The latest update on Americans’ debt and credit developments from the Federal Reserve Bank of New York (FRBNY) showed that total U.S. household indebtedness was $12.73 trillion at the end of the first quarter of 2017, a $149 billion (1.2 percent) jump from Q4 2016 and the 11th quarterly increase in a row. On the state level, California ended Q1 with the highest total debt balance per capita.
Although the “Great Recession” officially ended in 2009, most Americans have stopped deleveraging only during the past few years. Still, the recent rebound has been considerable because overall household indebtedness has finally surpassed the 2008 peak of $12.68 trillion. Rising mortgage, automobile, and student loan debt have all been big drivers of this uptrend but encouragingly only 4.8 percent of the total debt outstanding was in some stage of delinquency at the end of the first quarter, unchanged from Q4 2016 and therefore matching one of the lowest readings seen during the current economic cycle.
There were also 203,000 consumers that had a bankruptcy notation added to their credit reports last quarter, 1.7 percent fewer than in Q1 2016. One thing to watch going forward, though, is the proportion of overall debt that becomes “newly delinquent.” This metric has generally been on a steady downward path during most of the recovery but in recent quarters appears to have possibly bottomed-out. Car loans have been a major factor behind this trend shift, and the share of auto debt more than 90 days overdue rose to 3.8 percent in the first quarter, the highest reading in four years.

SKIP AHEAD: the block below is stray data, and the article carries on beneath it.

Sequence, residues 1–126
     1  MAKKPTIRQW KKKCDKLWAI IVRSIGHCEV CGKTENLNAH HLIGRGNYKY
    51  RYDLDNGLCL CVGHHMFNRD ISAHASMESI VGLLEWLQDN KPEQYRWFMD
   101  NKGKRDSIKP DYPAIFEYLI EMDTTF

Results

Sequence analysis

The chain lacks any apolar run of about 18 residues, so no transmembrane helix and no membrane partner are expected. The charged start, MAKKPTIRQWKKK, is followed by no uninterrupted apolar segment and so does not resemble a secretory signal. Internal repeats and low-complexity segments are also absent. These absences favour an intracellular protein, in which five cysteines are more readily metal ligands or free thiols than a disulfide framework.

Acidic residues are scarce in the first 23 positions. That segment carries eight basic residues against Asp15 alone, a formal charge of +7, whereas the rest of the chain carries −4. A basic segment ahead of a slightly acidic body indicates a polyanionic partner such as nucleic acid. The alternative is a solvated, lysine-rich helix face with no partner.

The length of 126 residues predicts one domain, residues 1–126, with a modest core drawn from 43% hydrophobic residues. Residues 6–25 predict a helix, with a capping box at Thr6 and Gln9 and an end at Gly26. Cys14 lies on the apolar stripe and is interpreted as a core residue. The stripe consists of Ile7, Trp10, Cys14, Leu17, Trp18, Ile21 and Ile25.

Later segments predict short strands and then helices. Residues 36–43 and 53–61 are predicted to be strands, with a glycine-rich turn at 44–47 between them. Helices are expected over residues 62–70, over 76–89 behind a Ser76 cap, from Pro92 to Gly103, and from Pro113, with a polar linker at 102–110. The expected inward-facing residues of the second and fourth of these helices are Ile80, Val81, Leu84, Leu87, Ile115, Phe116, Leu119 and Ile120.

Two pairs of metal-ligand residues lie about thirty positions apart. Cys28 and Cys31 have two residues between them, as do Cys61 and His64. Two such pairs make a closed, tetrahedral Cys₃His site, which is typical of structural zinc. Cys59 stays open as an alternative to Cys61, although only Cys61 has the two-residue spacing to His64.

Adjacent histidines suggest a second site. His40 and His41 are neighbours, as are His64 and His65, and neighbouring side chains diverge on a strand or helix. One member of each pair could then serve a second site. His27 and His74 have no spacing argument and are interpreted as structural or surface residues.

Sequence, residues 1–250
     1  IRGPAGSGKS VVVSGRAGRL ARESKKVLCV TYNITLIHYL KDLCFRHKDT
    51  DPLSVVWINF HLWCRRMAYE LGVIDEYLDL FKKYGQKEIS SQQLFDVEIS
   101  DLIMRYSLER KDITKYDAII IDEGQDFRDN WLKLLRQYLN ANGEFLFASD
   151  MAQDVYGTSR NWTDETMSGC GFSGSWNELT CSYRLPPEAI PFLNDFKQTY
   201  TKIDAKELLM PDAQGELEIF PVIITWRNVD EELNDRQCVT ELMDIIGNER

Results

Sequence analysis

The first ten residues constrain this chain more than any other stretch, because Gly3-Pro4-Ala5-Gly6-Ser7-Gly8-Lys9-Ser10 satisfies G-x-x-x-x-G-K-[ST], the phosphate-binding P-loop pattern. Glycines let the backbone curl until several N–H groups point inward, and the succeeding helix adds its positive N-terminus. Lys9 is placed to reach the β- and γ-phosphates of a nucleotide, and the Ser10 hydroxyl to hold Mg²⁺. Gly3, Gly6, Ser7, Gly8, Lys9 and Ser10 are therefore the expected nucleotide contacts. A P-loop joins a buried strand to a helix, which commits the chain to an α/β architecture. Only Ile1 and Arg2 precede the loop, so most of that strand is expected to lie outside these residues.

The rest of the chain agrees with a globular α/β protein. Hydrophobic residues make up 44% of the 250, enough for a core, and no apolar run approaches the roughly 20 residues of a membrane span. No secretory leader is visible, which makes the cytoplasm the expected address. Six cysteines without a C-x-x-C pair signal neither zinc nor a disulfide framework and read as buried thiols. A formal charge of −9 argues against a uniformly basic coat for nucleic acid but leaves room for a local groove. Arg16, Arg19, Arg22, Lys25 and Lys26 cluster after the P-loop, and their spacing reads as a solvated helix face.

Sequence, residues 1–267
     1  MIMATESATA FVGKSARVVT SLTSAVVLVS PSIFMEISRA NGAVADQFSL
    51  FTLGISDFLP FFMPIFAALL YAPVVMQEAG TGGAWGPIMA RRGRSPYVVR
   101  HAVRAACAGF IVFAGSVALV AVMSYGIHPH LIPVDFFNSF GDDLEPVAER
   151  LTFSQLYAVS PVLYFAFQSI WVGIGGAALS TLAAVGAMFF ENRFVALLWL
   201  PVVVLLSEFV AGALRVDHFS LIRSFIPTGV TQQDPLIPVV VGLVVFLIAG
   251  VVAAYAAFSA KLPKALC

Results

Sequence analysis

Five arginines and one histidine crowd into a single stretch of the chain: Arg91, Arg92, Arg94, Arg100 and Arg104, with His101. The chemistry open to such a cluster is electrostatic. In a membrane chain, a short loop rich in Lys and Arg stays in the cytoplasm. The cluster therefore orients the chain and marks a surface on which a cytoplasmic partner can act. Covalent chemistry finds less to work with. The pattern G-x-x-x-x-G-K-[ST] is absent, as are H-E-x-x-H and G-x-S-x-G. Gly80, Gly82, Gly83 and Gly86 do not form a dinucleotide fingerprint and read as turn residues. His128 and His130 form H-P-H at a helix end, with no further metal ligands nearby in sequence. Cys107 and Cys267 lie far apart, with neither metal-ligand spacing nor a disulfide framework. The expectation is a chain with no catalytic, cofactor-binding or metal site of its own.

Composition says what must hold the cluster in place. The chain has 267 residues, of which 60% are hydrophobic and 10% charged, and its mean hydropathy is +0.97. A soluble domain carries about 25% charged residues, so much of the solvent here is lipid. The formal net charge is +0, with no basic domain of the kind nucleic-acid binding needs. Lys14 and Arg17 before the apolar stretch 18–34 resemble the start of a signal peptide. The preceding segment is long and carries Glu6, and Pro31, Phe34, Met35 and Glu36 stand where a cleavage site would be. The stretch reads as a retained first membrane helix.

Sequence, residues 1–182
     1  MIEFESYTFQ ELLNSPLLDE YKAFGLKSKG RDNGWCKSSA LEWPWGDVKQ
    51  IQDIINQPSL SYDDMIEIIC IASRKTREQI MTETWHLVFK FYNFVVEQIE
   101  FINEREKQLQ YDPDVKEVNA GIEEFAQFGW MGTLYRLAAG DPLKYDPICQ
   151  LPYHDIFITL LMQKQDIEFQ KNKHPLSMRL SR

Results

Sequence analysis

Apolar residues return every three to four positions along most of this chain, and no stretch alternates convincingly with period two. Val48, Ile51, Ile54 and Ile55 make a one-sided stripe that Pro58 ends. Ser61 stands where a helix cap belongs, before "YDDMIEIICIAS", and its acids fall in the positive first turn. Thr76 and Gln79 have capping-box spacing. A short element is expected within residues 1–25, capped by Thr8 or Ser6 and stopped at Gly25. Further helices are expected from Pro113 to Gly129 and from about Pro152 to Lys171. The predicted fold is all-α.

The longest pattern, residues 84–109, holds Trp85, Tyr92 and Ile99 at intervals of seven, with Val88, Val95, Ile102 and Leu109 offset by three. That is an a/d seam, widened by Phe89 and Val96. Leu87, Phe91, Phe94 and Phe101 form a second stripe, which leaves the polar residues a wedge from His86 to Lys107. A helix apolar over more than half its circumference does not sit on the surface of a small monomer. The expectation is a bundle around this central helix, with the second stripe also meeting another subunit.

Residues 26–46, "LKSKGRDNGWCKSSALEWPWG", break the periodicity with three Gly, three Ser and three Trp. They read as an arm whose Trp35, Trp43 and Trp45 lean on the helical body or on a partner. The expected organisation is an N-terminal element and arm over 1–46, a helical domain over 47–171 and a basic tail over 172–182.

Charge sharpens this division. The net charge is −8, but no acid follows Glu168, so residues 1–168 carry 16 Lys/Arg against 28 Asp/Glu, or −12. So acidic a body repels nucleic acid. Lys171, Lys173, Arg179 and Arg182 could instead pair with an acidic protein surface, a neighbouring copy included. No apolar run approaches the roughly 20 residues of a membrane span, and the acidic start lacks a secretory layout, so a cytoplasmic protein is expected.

Unsurprisingly, a growing share of banks have reportedly tightened their lending standards for automobile loans in Q1, according to the latest Senior Loan Officer Opinion survey from the Federal Reserve, the fourth consecutive quarter of net tightening for car loans. Strategists at UBS even warned recently that the way lenders predict U.S. borrowers’ ability to repay automobile loans is flawed in ways similar to those that emerged during last decade’s housing bubble.
Despite the possible change in banks’ eagerness to lend, borrowing limits have now increased for seventeen consecutive quarters. Moreover, the total number of credit card accounts in America continued to rise in Q1, and aggregate balances grew at one of the fastest rates of the expansion. Such activity can sometimes be an encouraging sign of consumers’ increased confidence in their personal finances, usually helped by a tightening labor market that is supportive of wage growth. On the other hand, Americans must be careful not to overdo it with their increased appetite for debt because a spike in leverage can often be a recessionary precursor.
What is worse is that most borrowers likely anticipate that they will be able to eliminate all of their financial obligations in a reasonable timeframe but as we learned in an earlier report from the Financial Industry Regulatory Authority (FINRA), not even a quarter (23 percent) of surveyed retirees said that they are currently debt free. Perhaps an even better deterrent against excessive borrowing is a study by the Federal Reserve Bank of Atlanta (FRBA), which found that worsening creditworthiness and increases in severely delinquent debt lead to increases in individual mortality risk.
Sources: FRBNY, FRBG, Wells Fargo, Bloomberg, WSJ, FINRA, FRBAPost author: Charles Couch